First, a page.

The time it takes to get approved for an SBA loan will depend on your chosen lender. With a bank, the entire process — from funding approval — can take anywhere from 30 days to a few months.
If you’re short on time, you might opt for the SBA Express loan, which aims to respond to loan applications within 36 hours. The maximum amount for this type of financing is $500,000, and the maximum amount the SBA guarantees is 50%.
Advantages of SBA loans
SBA loans are backed by the government (US Small Business Administration), which means that they provide certain benefits not typically found in traditional bank loans:
- Broader eligibility. SBA loans offer a more comprehensive set of businesses the opportunity to secure funding. While good credit is preferred, even companies with limited credit history can be considered due to the guarantees provided by the government, reducing risk for lenders.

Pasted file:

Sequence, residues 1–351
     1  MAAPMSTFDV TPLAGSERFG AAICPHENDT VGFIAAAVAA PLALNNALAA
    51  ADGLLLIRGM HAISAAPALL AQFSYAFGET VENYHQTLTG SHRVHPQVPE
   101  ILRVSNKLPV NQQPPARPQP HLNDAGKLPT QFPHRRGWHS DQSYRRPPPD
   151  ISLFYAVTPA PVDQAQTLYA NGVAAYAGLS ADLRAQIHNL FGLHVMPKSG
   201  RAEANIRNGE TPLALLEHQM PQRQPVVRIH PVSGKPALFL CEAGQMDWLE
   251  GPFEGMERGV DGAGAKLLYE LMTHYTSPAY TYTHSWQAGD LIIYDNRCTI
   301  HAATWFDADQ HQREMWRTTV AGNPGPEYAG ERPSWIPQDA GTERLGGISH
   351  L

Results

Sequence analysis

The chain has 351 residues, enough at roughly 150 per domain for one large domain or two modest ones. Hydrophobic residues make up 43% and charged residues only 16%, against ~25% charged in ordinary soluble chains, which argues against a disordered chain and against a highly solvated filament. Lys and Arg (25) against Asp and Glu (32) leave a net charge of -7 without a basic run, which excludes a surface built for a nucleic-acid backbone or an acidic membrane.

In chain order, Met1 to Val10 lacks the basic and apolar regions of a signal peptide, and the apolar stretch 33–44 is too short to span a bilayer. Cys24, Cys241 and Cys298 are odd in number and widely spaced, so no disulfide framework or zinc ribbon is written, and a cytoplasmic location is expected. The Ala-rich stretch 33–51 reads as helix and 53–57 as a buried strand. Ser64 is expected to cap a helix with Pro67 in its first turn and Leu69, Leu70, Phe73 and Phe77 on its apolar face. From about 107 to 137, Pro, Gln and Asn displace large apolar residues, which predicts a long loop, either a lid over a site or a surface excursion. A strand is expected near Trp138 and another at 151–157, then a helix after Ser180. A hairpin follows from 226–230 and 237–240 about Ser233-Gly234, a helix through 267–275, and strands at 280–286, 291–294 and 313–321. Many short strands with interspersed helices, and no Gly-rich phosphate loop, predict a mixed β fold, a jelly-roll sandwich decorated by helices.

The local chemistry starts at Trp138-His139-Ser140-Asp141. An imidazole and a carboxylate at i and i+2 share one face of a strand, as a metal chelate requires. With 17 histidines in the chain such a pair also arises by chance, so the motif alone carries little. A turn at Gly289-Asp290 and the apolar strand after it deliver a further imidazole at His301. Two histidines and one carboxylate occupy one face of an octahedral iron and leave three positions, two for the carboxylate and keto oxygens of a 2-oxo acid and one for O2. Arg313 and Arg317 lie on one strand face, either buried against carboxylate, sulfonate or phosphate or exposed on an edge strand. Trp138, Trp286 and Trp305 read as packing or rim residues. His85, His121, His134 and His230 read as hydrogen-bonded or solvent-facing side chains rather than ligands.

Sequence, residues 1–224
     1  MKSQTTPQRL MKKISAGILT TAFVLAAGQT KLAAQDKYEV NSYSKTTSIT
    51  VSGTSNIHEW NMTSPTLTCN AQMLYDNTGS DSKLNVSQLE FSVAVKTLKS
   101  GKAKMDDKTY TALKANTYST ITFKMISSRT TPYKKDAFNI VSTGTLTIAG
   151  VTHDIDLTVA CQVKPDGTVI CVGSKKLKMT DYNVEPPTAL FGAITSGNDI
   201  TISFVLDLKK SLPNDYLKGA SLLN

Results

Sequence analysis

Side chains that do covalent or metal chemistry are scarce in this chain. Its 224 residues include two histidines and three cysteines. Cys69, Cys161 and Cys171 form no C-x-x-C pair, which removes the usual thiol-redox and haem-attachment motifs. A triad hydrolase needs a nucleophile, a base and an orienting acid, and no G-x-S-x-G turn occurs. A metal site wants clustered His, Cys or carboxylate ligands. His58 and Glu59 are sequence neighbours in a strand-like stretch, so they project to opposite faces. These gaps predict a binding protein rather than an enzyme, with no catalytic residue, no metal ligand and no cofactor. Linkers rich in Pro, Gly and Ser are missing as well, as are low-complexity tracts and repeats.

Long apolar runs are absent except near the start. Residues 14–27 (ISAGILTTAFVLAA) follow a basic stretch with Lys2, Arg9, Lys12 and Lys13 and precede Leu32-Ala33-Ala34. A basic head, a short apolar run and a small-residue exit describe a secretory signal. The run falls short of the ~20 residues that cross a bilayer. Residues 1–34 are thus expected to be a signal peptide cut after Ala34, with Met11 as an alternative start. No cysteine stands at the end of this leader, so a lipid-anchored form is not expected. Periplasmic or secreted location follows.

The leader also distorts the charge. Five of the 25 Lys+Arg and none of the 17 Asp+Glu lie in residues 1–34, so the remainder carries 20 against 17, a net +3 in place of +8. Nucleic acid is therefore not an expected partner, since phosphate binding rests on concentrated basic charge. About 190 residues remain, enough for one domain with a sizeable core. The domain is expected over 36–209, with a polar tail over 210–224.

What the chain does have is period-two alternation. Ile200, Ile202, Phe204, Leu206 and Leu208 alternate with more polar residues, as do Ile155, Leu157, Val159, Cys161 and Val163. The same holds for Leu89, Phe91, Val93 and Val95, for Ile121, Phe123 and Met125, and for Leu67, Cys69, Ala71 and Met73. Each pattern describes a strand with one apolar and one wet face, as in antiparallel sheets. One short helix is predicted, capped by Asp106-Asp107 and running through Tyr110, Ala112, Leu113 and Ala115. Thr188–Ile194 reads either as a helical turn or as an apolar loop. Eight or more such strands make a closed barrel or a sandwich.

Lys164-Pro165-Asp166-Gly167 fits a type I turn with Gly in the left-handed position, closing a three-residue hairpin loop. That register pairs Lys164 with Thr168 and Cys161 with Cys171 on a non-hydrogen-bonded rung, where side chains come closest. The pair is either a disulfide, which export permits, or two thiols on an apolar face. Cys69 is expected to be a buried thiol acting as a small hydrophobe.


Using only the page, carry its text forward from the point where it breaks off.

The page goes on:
- Extended repayment terms. SBA loans come with longer repayment periods, resulting in more manageable monthly payments that ease the strain on cash flow for small business owners.
- Capped interest rates. The SBA sets maximum interest rate limits, ensuring that SBA loans remain affordable and competitive for budding entrepreneurs.
- Flexible loan amounts. SBA loans cater to businesses of different sizes and funding needs, offering loan amounts ranging from small to more substantial sums based on the program and individual requirements.
Drawbacks of SBA loans
SBA loans can be a helpful source of financing for small businesses, but they also come with specific challenges:
- Collateral requirement. SBA lenders may request borrowers to provide collateral as security for the loan, even with the SBA guarantee. This could require borrowers to put their assets at risk, which may only be ideal for some.